I was wondering if there is a recent overview of open source licenses used by those packages being the ROS2 core who a ROS2 user would need to distribute to his/her customers when using ROS2 in a product (e.g. plumbing, middleware, tf, tools, … NOT INCLUDING functional packages e.g. nav2, MoveIt etc).
In addition to the tooling that @Katherine_Scott mentioned, it is also pretty straightforward to compute it yourself. Every package in the core has a LICENSE file and also declares its license in the package.xml (most packages not in the core also do this, but we don’t enforce it there). So it should be pretty simple to write a tool to look over the sources and compute all of the licenses that are used.
The downside to this approach is that:
It is possible that the LICENSE file and the package.xml disagree, but this would be considered a bug and we would fix any reports of that immediately.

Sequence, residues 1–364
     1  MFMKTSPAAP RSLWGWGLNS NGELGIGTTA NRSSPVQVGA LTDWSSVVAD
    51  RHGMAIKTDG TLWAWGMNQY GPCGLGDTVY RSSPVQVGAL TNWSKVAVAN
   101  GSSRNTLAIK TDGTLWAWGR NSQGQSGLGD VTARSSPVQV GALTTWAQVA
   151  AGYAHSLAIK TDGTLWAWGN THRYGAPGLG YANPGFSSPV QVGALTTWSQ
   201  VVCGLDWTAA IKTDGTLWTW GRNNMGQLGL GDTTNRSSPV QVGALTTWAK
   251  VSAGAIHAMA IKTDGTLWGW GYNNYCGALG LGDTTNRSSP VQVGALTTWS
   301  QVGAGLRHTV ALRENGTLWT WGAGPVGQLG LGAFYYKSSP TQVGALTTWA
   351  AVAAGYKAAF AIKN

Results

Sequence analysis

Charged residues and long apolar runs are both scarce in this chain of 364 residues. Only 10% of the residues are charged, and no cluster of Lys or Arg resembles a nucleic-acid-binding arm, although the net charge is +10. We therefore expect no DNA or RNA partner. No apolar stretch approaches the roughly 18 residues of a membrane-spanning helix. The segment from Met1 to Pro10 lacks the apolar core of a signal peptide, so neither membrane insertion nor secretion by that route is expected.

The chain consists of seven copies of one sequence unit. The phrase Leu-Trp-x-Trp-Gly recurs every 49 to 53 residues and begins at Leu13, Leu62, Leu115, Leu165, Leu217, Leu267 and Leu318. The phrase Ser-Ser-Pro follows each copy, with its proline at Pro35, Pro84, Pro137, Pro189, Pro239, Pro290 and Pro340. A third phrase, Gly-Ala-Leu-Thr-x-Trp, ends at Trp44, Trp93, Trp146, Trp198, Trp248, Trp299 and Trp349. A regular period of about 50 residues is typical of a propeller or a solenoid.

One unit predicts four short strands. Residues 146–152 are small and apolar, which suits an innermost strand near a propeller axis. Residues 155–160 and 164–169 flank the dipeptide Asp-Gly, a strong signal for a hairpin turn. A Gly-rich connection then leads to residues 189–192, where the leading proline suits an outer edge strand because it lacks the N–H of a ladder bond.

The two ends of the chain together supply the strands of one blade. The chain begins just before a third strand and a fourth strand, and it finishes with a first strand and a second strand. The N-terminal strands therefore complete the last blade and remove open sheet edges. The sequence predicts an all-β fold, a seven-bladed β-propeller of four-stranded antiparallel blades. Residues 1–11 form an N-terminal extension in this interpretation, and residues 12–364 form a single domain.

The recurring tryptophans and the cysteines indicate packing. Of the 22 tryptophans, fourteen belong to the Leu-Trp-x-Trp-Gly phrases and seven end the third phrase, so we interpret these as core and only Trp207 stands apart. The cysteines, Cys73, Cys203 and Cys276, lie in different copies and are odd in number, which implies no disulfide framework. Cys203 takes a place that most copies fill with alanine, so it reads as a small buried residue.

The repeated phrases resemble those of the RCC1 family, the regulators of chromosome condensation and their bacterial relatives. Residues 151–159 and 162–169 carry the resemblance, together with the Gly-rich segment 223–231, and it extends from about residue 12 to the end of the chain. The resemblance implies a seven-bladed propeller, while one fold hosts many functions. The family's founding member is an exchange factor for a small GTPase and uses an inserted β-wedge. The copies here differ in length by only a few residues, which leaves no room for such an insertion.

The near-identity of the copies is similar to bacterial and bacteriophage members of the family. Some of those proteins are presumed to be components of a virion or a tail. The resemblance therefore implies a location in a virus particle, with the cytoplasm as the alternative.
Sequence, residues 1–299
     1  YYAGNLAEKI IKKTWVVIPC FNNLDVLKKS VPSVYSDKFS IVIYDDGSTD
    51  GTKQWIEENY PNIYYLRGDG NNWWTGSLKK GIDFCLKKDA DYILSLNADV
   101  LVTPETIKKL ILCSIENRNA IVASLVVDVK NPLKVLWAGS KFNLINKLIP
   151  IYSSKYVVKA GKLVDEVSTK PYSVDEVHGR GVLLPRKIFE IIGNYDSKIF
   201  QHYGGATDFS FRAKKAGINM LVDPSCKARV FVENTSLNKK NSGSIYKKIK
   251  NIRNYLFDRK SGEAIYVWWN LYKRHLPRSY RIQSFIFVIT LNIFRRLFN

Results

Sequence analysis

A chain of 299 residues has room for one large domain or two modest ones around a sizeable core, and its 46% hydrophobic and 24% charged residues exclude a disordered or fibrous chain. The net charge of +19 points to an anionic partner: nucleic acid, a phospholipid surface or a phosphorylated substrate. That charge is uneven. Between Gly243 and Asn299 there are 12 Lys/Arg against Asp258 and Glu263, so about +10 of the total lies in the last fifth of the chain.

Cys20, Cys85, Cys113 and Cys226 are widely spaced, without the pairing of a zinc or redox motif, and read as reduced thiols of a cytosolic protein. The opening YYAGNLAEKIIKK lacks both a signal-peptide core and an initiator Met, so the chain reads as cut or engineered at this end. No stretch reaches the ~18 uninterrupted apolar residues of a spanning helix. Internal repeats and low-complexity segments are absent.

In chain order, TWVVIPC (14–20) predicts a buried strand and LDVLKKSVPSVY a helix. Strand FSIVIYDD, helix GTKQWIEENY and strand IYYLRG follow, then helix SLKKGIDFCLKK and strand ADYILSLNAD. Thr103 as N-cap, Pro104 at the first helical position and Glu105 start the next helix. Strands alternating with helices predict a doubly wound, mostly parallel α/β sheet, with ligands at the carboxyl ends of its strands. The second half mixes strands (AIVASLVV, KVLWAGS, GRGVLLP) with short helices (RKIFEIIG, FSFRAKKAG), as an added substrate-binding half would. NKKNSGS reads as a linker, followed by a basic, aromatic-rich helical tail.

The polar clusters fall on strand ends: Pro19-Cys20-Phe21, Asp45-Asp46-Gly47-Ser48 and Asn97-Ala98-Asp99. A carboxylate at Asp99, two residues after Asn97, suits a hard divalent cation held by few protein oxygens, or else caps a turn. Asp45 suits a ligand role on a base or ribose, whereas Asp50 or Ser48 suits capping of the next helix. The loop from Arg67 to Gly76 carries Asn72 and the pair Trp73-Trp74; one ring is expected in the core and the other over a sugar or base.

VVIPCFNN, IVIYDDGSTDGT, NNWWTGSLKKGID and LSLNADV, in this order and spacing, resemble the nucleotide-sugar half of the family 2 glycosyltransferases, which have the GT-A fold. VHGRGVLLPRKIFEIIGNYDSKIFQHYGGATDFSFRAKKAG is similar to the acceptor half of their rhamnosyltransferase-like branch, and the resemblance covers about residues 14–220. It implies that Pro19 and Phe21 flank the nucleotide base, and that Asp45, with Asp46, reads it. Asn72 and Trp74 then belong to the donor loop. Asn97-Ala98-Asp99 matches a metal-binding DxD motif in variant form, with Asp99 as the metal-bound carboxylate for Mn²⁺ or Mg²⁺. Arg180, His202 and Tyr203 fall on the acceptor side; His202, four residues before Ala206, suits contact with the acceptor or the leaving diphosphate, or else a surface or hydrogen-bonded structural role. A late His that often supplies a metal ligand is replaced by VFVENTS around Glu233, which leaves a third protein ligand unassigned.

You have to trust that the LICENSE file and the package.xml accurately reflect the licenses of the code. We believe it does, but for those who are extra paranoid about this there exists third-party commercial software to do this kind of deep auditing for you.
Thanks for the mention @Katherine_Scott
The idea of my tool is to make sure that the information about licensing in the package.xml is accurate and correct. But it has to be done per package. So, as @clalancette writes, you can not fully rely on the package.xml right now.
But you were asking for something else, which is an overview of all licenses of all ROS core packages in this does, to my knowledge, not exist.
To this question yes people are running many different analyses. The most common are larger companies who are building products and worry about larger liabilities. Unfortunately, by the terms of most of these tools, the results are not allowed to be shared publicly. Though they are not prevented from filing very, specific, tickets, if there’s something that they might want to be cleaned up or clarified. Or directly messaging developers to ask to improve or add clarification to the codebase. And some are more straight forward: ROS GNU GPL v1.2 issue
There have also been some discussions in the past about aggregating results like this. A few good starting points.